As its President dines with the Queen, Sri Lanka’s torture of its Tamils is revealed – Independent


Further evidence has emerged of the brutal treatment of Tamils by Sri Lankan soldiers during the closing stages of the country’s civil war. Video footage obtained by The Independent shows soldiers gloating over a pile of more than 100 Tamil corpses, including dozens of women who have been deliberately stripped of their clothes to expose their breasts and genitals.

The videos are part of a growing body of evidence which has emerged over the past two years – much of which was recorded by Sri Lankan soldiers – revealing how many Tamils were tortured, summarily executed and often humiliated after their deaths for the entertainment of their victors.

The latest footage – which was smuggled out of Sri Lanka by a man who used to work at an internet café frequented by soldiers, and passed to The Independent – emerged as thousands of angry Tamil demonstrators massed outside the Commonwealth’s headquarters in London yesterday in protest at a lunch hosted by the Queen, which was attended by Sri Lanka’s controversial President, Mahinda Rajapaksa.

Angry chants could be heard as the Queen entered Malborough House off Pall Mall and organisers were forced to cancel a planned speech by Mr Rajapaksa following security concerns.

Tens of thousands of civilians, soldiers and Tamil insurgents were killed in the final stages of Sri Lanka’s 30-year civil war, which ended in 2009 with the destruction of the Liberation Tigers of Tamil Eelam separatist group.

Human rights groups and the UN have produced evidence that both sides committed war crimes during the final stages of the conflict. But there has been particular criticism aimed at Mr Rajapaksa’s government, which has refused to hold any independent inquiry into Sri Lankan army atrocities despite compelling evidence.

The latest videos obtained by The Independent reveal how – even after death – Tamils were often treated with contempt by Sinhalese soldiers. The black-and-white mobile phone footage shows more than 100 corpses laid out on tarpaulins. Some of the male victims are clad in the striped camouflage worn by the Tamil Tigers but the majority are dressed in civilian clothes.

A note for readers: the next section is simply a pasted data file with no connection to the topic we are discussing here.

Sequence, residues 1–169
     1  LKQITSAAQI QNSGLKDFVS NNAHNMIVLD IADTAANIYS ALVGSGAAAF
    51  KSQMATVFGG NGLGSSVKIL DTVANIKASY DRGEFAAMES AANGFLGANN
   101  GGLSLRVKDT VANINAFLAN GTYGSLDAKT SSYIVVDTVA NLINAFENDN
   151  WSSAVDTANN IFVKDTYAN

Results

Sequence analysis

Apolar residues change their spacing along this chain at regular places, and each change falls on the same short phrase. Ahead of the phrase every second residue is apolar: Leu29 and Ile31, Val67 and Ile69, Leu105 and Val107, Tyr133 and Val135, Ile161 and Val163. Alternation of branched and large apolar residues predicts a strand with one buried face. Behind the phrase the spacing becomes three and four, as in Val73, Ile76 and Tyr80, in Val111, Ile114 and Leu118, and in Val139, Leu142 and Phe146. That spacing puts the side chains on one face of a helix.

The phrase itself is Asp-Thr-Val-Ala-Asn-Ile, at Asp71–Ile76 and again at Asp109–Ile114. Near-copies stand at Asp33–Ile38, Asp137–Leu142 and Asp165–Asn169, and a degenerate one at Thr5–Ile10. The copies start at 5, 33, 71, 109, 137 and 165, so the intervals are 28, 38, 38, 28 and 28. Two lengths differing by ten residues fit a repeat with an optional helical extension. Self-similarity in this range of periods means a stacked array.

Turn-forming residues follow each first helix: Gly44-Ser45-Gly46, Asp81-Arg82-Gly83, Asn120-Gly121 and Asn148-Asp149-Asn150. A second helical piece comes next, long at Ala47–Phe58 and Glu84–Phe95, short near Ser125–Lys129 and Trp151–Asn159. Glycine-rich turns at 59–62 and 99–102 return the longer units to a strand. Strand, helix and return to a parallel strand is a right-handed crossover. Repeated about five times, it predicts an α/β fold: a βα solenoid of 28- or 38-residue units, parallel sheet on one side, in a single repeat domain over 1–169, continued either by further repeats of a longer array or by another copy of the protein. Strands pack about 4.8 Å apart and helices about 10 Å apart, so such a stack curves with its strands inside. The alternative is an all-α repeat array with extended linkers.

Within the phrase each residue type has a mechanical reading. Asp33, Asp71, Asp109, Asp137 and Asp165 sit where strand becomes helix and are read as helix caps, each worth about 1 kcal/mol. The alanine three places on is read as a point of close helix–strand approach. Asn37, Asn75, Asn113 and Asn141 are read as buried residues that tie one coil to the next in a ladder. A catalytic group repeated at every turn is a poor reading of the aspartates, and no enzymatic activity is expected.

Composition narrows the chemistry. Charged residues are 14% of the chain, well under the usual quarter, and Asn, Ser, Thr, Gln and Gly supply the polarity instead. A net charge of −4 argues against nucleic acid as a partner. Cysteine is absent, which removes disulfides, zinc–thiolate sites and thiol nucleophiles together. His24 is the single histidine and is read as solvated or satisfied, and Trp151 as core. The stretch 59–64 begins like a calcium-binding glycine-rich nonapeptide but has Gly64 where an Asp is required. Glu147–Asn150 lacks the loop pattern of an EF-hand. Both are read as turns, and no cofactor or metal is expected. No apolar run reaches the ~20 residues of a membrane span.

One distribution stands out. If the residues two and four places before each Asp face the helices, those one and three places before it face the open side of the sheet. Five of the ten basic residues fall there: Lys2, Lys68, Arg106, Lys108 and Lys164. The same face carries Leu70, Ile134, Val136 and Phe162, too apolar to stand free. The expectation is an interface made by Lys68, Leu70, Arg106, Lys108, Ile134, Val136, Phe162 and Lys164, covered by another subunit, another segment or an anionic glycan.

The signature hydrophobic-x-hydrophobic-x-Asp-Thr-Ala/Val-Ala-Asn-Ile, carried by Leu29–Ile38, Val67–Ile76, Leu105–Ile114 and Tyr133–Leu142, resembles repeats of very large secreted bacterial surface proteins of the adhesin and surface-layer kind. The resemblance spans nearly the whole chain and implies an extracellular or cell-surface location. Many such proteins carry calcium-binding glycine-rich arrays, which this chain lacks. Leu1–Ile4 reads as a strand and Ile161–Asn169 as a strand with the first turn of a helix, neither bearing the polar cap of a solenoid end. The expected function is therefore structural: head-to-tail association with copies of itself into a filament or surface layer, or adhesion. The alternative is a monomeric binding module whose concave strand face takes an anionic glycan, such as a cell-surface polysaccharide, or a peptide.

It is impossible to say whether the victims were combatants, civilians or both. Tamil Tigers were known to use civilians as human shields, while Sri Lanka’s army has been accused of deliberately shelling civilian areas as it pushed ahead with its final onslaught against the LTTE.

What is clear, however, is the special treatment reserved for bodies of female Tamils. While the majority of men are fully clothed or topless, almost all the women featured in the video have been deliberately stripped naked or had their breasts and genitals exposed. Within Sri Lankan culture it is considered deeply shameful for a woman to expose any skin that would normally be covered by a sari or clothing.

Previous footage has emerged of Tamil women stripped naked either before or after their death whilst human rights groups have continue to document reports of rape and sexual violence by soldiers. In one particularly well known example uncovered by Channel 4 last year, Sri Lankan soldiers took victory photos of the corpse of prominent Tamil news reporter Isaippiriya. In many of the shots she was naked and had her hands tied behind her back prompting concerns that she might have been raped before being executed.

Charu Lata Hogg, an expert on Sri Lanka at Chatham House, says the footage fits into a wider pattern of abuse meted out to Tamils. “There is credible evidence in the public domain which suggests Sri Lankan troops used degrading and humiliating behaviour towards both male and female Tamils, civilians and combatants alike, during the final stages of the conflict,” she said. “The UN goes as far as to say that the ‘screening process’ directly resulted in executions, disappearances and rape of some LTTE suspects.”

Despite the emergence of scores of videos shot by civilians and soldiers during the war, the Sri Lankan government has routinely denied that its forces were responsible for atrocities and claims that such footage is faked.